I’m not going to lie.. that confused me. I couldn’t see where he got this or why he felt this way. I knew that I had said that he just had to do his work and because he was smart the grades would follow.. but that didn’t mean that he didn’t have to do the work if he wasn’t smart.. but then I thought about my own childhood. My brother was always “the smart one”.  He was in all the extra special classed for “smart” kids, and I always had anything better to do than my homework. So I didn’t, and my dad wasn’t great at checking on me. When the teachers would say to me, “you’re so smart if you just do the work….” I would shut down. I’m not smart. My brother is smart.. you’re just projecting. I didn’t want to be smart.. because I didn’t want to do the work.

We always get the threat from our parents that someday we are going to have kids “just like you”, and then we do. And then we say the same things to our kids that was said to us. So from now on, I’m not going to tell my son how smart he is.. I’m going to tell him how proud I am for his effort. Because let’s be honest.. ability is nothing without fortitude. My son is smart, but he doesn’t know everything. Two weeks before school started he lost his father and his whole understanding of life was changed. I can’t expect him to comprehend everything, but I can encourage him to try.

 

Addiction, coaching, Law of Attraction, Love, Motivation, parenting, women

Is true love actually possible?

I had an interesting conversation today with a woman who I have been getting to know. She is currently married, though not very happily, and she said that she doesn’t think she knows anyone who is truly happily married. She said that she is not even sure that true love exists or that any man is capable of truly loving her. This was not said as a self esteem problem. This was not doubting her worth. It was doubting the capability of the man.

I found this especially interesting because I have been in a few relationships over my life, though I am single now, and I know that 3 of them have loved me completely. I know that there is no doubt in my mind that their love was real. The first 2 were mostly timing and growing. We were in our 20s when we got together and though the love and relationships were nice, as we got older we just grew apart.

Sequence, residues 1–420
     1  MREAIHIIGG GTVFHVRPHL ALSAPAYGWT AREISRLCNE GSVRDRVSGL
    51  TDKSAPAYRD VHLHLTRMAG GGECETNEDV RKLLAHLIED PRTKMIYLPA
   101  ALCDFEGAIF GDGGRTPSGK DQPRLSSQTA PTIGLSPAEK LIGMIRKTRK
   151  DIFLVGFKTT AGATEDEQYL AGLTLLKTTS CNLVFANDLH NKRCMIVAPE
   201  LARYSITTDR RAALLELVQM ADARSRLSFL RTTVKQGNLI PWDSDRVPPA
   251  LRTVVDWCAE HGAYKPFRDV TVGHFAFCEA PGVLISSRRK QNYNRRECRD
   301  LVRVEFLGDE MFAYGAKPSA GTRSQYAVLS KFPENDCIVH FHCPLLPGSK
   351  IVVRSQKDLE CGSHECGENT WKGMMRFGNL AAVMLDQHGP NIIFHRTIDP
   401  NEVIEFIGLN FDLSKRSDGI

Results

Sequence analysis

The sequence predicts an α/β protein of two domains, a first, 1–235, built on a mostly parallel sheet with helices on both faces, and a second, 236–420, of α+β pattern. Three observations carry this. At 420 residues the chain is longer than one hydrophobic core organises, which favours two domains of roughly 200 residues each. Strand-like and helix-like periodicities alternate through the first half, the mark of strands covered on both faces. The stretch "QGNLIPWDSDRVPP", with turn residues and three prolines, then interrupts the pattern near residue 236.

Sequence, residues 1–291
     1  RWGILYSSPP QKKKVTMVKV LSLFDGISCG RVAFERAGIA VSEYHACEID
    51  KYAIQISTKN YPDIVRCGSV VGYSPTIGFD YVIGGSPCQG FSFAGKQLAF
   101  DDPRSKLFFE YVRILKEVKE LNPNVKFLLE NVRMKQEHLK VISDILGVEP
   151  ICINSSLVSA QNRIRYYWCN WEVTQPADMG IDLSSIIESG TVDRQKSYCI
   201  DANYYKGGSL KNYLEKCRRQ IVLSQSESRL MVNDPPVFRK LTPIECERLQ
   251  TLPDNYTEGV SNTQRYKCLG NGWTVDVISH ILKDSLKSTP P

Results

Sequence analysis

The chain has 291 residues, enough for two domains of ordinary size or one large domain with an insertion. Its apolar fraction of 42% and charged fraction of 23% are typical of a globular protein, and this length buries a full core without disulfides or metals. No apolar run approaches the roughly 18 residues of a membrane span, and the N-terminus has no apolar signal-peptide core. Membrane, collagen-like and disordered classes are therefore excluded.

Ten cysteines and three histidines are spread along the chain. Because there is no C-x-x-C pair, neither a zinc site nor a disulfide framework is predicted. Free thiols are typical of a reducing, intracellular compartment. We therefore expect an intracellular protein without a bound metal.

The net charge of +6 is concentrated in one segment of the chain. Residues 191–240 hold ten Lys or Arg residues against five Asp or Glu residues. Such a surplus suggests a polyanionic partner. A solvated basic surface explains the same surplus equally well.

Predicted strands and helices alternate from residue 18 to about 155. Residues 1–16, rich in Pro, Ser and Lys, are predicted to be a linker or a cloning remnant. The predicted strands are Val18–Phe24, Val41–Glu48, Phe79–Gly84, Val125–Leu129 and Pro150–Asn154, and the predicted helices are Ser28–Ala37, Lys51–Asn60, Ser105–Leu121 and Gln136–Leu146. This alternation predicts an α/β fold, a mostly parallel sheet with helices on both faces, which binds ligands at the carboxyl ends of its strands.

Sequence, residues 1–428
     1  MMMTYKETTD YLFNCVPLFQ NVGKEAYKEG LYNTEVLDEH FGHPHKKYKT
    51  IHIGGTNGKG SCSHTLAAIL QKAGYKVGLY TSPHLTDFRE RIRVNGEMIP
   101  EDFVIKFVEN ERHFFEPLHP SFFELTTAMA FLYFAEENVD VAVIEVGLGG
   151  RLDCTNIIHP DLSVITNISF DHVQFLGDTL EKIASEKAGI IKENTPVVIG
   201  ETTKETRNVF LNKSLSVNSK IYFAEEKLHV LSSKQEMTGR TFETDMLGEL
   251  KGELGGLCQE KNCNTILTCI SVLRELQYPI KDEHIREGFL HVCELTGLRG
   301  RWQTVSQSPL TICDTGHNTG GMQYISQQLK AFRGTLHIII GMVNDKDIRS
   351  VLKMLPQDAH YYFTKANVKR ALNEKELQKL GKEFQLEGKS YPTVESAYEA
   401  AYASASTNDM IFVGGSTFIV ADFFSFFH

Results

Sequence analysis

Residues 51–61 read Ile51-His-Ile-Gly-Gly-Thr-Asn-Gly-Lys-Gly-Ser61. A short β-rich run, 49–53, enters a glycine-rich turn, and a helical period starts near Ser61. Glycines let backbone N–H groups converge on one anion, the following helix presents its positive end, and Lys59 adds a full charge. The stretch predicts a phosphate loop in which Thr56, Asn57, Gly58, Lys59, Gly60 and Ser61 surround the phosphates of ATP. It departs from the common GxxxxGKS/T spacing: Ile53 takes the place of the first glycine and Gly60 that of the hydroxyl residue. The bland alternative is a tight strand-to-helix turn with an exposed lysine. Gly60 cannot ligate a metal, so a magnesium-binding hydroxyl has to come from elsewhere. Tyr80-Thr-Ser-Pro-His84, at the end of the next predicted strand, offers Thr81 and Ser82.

The last was my son’s father. We loved each other fiercely and unconditionally. There was no doubt in my mind about that. Now, that did not mean that we had to stay together. In fact we loved each other and our son so much that we eventually realized that being apart was the best option. He was an addict. He had demons that he just couldn’t get away from, and eventually they killed him. But I loved him, and he loved me completely.

We were constantly off and on depending on his sobriety. This was very confusing and disruptive to our son. Eventually I had to just put an end to it. Not because I didn’t love him, and not because he didn’t love me.. but because we both loved our son.

I think that the problem with finding “true love” is that people want the fairytale, but no one lives “happily ever after”. There are always problems, and there are always lulls, and people are always taken for granted as time goes on. None of that has to do with love.. I used to say that love is not a feeling.. it is a verb. Love is an action that we have to do everyday. I am a huge Doctor Who fan, and in an episode he states that “Love is a promise” and I feel that too.

When we were first thinking about and discussing having a family Neil and I talked about a lot of things. We were planning on getting married.. we were just saving up. I wanted a HUGE affair.. I never got it. He relapsed and my father died and after a while a wedding wasn’t all that important. But my FAMILY was. That’s what we had decided when we chose to have our son. We are now family. We will love each other forever. There was no leaving. Again.. that does not mean that we had to stay romantically linked or even live in the same house. When it became dangerous I had to tell him to leave.. but it did mean that I was always his first phone call and he was always mine.